Firm News | 12.12.23
You can’t hide from Companies House – Part 2
Article 2 of 2.
The Economic Crime and Corporate Transparency Act 2023 has now received Royal Assent. This Act has been introduced as part of the Government’s plans to reform Companies House.
One of the changes introduced by this Act is the mandatory identity verification for directors, persons with significant control (PSC) and those filing documents at Companies House, details of which are mentioned in the previous article (You can’t hide from Companies House). The new Act now introduces details as to how the verification process will work and other key concepts mentioned below.
How ID verification will work
There will be two routes to verifying your identity. The first route will be through Companies House directly. This will be done via a digital service that links a person with their identity document such as a passport or driver’s license. The second route is through an Authorised Corporate Service Provider (ACSP). This will involve using an intermediary such as an accountant or a lawyer.
Delivering documents to Companies House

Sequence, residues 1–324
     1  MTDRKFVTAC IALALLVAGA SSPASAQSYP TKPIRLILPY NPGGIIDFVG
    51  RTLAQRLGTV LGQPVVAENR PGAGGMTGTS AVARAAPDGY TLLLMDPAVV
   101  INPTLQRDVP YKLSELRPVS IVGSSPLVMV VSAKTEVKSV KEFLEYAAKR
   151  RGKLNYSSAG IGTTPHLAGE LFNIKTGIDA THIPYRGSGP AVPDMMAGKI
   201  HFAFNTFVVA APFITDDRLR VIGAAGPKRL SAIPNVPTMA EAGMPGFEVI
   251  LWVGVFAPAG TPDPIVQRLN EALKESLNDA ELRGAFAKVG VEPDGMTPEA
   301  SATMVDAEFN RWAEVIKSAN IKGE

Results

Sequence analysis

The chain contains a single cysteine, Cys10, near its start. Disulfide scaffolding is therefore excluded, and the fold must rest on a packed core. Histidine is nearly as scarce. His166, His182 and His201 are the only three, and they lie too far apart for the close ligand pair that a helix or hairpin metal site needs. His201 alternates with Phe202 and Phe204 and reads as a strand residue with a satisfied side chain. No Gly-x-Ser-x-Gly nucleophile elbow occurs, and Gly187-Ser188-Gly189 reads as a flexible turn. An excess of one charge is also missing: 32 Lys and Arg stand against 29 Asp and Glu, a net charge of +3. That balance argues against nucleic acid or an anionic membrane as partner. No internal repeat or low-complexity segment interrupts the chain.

As per the Act, only ID verified individuals and ACSPs will be permitted to deliver documents to Companies House.
A UK company will need to ensure its registered office is located at an appropriate address. This means somewhere where documents can be sent to the attention of a person. So companies that use PO Box addresses will need to reconsider their registered address. It will also be a requirement that a company registers an appropriate email address whereby emails sent to it by the registrar would be expected to come to the attention of a person acting on behalf of the company.
Failure to prevent fraud
A relevant body will be criminally liable where a person associated with the body commits fraud intending to benefit the organisation and the organisation did not have procedures in place to prevent it. This will only apply to large organisations. A large organisation is a body that satisfies two or more of the following:
- Turnover of more than £36 million
- Balance sheet total of more than £18 million
- Number of employees of more than 250.
Corporate Criminal Liability
Under this Act, a company or unincorporated partnership will be guilty of an offence if one of the organisation’s senior managers commits an offence whilst acting within actual or apparent authority. Senior manager in this case means an individual who plays a significant role in making decisions about how the whole or a substantial part of the activities of the organisation are to be managed or organised, or the actual managing or organising of the whole or substantial part of those activities.
In addition to all of the above, Companies House will have greater powers to scrutinise information delivered to it and even reject it.
Other articles in this series: